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Squirrels' opening-night starter Tristan Beck had fraternal edge during pandemic
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Squirrels' opening-night starter Tristan Beck had fraternal edge during pandemic

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The Flying Squirrels open on May 4. To mark the day, Gov. Northam plays catch

Tristan Beck gets the opening-night start for the Richmond Flying Squirrels on Tuesday against Hartford. Wondering what he did when minor league baseball shut down last year? Same thing he has done for as long as he can remember. Beck played catch with his younger brother.

Brendan Beck is a senior right-hander at Stanford, where Tristan Beck, also a right-hander, pitched from 2016 to ’18. The Becks in 2018 were teammates. In some ways, that again was the case during the pandemic.

The fraternal advantages started with “just having a throwing partner, a lifting partner,” said Tristan Beck, a 24-year-old Californian.

“We’ve been playing together all our lives. That’s always been a big part of our game, talking to each other about things, working on things together.”

Atlanta drafted Tristan Beck in the fourth round in 2018, and he joined the San Francisco organization in July of 2019 as part of the deal that sent Mark Melancon to the Braves. Brendan Beck, currently 5-0 with a 3.62 ERA at Stanford, is projected as a selection in July’s MLB draft.

According to Richmond manager Jose Alguacil, the Giants determined that Beck would throw the Flying Squirrels’ first pitch this season.

“I have big confidence in this guy,” said Alguacil, 48 and Richmond’s manager in 2015 (72-68). He subsequently spent three years as the Giants’ first-base coach. Alguacil said he believes pitching will be this team’s strength.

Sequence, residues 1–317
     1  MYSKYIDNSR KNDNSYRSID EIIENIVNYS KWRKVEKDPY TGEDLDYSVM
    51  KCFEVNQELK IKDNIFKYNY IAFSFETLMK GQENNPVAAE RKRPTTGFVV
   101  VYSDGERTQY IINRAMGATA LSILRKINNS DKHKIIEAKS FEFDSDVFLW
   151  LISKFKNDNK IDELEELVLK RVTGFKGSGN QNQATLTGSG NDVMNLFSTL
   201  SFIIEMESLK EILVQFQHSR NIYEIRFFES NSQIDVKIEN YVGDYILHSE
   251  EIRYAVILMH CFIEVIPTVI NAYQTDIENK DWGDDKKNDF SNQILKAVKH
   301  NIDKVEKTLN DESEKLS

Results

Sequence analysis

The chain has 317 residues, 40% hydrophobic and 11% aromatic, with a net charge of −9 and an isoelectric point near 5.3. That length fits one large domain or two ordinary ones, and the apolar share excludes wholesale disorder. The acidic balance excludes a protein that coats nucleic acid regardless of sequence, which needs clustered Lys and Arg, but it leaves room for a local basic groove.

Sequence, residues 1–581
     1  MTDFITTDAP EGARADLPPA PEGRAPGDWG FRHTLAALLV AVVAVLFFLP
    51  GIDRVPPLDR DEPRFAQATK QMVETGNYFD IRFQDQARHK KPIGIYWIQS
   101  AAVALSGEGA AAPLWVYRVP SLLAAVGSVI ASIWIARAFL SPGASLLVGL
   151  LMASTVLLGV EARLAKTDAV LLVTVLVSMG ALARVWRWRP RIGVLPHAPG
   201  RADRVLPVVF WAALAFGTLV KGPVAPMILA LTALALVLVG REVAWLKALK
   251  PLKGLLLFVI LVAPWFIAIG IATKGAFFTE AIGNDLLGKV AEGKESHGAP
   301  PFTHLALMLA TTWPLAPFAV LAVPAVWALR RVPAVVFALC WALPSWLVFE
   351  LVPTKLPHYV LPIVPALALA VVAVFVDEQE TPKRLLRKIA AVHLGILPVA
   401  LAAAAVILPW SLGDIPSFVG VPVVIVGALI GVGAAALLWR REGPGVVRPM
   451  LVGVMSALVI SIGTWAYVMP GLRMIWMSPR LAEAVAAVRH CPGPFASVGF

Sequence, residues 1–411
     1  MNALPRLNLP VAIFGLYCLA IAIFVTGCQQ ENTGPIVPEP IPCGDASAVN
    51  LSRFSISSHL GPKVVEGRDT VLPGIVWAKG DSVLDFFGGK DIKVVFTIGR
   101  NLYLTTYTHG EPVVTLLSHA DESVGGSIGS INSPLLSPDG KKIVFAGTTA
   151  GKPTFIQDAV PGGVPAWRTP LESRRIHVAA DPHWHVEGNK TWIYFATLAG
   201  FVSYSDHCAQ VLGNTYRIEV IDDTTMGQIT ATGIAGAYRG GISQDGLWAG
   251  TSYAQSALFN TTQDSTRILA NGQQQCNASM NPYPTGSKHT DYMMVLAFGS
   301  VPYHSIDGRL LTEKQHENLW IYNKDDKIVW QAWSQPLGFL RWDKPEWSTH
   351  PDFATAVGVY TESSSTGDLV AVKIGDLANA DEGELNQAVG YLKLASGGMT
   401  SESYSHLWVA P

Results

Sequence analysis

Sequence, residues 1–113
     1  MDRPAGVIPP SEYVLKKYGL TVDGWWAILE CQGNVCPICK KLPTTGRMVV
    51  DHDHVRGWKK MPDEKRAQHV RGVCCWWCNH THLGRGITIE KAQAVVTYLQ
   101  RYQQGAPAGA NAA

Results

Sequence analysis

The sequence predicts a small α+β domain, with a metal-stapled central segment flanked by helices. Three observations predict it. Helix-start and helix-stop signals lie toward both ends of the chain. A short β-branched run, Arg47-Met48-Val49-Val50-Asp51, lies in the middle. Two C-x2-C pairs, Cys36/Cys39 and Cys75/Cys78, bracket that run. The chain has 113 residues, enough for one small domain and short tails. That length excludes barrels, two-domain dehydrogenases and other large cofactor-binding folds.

All opening nights bring fresh vitality, but this one will be extra special because of the absence of minor league baseball in 2020, Beck noted.

The Flying Squirrels have not played since a 7-1 win over visiting Bowie on Sept. 2, 2019.

“I think it’s been over 600 days since the last game here in Richmond. I’ve never been here with the Squirrels before, but I’ve heard stories, even in my time before being [in the Giants organization], how much energy there is, how much it means to the community,” Beck said.

“I’m really excited to get to experience that first-hand.”

The Diamond seats 9,560. Capacity through the first homestand, which extends through Sunday, will be limited to 2,943 by Virginia and Major League Baseball COVID-19 guidelines.

Beck and the Flying Squirrels’ other pitchers will not operate in as forgiving a ballpark as their predecessors. Following the 2019 season, the Giants requested that The Diamond’s power alleys be shortened. Since the stadium opened for the 1985 season, Richmond Braves and Richmond Flying Squirrels hitters have regularly been frustrated by the role the deep gaps (389 in right-center and 388 in left-center) played in holding down home runs.

The Giants, whose Double-A team arrived here in 2010, began to see things the same way. Down-the-line distances of 330 stayed the same, but each of the power alleys is shorter by about 10 feet.

According to Alguacil, the Giants re-emphasized their commitment to developing players drafted by San Francisco, which was the path to World Series championships for the Giants in 2010, 2012 and 2014. That big league achievement occurred after minor league success.

“I mentioned this to the guys from the beginning. I want to win this year. It’s a mentality that we set up from day one in spring training,” Alguacil said. “In the Giants organization, we want to create a winning mentality, and that’s what we’re going to bring this year.”

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